Wednesday, March 14, 2012
"I didn't realize an email or downloading an app could be an enforceable contract"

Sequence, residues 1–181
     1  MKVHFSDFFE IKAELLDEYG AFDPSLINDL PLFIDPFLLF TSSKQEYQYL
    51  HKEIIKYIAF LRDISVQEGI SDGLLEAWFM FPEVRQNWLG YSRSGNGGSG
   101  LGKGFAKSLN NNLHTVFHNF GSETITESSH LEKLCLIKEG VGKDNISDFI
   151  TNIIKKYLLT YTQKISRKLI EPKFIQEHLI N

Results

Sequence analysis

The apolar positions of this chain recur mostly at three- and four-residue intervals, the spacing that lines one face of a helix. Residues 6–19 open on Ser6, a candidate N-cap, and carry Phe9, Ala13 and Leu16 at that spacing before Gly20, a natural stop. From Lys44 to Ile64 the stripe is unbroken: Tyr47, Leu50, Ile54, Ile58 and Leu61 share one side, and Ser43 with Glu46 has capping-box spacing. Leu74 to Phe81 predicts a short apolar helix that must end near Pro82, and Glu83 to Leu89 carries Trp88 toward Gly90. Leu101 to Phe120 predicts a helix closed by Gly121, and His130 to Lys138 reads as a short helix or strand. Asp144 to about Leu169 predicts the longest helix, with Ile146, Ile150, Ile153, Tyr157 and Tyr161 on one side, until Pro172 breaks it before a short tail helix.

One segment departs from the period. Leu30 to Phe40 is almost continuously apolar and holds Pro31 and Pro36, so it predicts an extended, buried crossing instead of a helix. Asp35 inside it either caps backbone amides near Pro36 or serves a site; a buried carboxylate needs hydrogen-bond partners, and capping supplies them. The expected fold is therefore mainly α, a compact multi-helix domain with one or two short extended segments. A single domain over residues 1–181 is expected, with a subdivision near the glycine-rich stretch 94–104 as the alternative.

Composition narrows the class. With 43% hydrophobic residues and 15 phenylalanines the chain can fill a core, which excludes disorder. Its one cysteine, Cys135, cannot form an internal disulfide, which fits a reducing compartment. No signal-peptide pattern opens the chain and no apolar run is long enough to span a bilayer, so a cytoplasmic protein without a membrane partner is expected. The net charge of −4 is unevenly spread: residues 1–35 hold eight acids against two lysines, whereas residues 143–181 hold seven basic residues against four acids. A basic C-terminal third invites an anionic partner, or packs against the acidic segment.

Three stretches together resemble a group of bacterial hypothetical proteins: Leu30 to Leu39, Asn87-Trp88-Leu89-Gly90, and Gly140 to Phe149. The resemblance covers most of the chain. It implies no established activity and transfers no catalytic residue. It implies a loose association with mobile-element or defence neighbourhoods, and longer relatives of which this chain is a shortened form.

With the ever changing technology and world in which we live, practices of how things are done change over time. This includes things like entering into contracts or modifying those agreements. Many people try to rely on the "I didn't sign anything" or "I didn't know" defense to get out of a contract, especially in the online or electronic context. These defenses may sound valid, but often people are not able to use them when it comes to things like email or online services. Several laws were put into place on the federal level and adopted by some of the states that address concerns about online transactions or agreements. The Electronic Signatures in Global and National Commerce Act (E-sign) and Uniform Electronic Transactions Act (UETA), and Uniform Computer Information Transactions Act (UCITA)(few states adopted this one) are all examples of such laws. These laws seek to make electronic communication or transmission of information relevant in the modern world to create things like enforceable contracts. They also put protections in place for consumers to avoid consumers being taken advantage of by things like hiding terms or conditions of use or making it clear that someone is being obligated by clicking on the "I accept" box or button. As just a few examples, courts have found that emails back and forth can be considered a signed written contract or that emails amended a contract, even though the physically signed agreement said amendments must be in writing. So your physical signature of your name is not required to obligate you. Also, when you click on that "I accept" button or even just by downloading a piece of software, you could be obligating yourself to certain contract provisions that may restrict or limit what you can do with their online service or software. The biggest thing that courts will usually look to is whether the party had notice of what they were agreeing to and whether they intended to agree. The intent to agree can sometimes be inferred by the fact that someone downloaded the software or took some other affirmative step, even if they later claim they didn't intend to be obligated. So just because you didn't physically sign a written contract, be aware that the next time you download an app or send off various emails, you may be agreeing to be bound by contract provisions which you may not have even bothered to read. Also, just because you aren't being charged for a service, your use of the software or other online service may obligate you to follow their terms and conditions of use.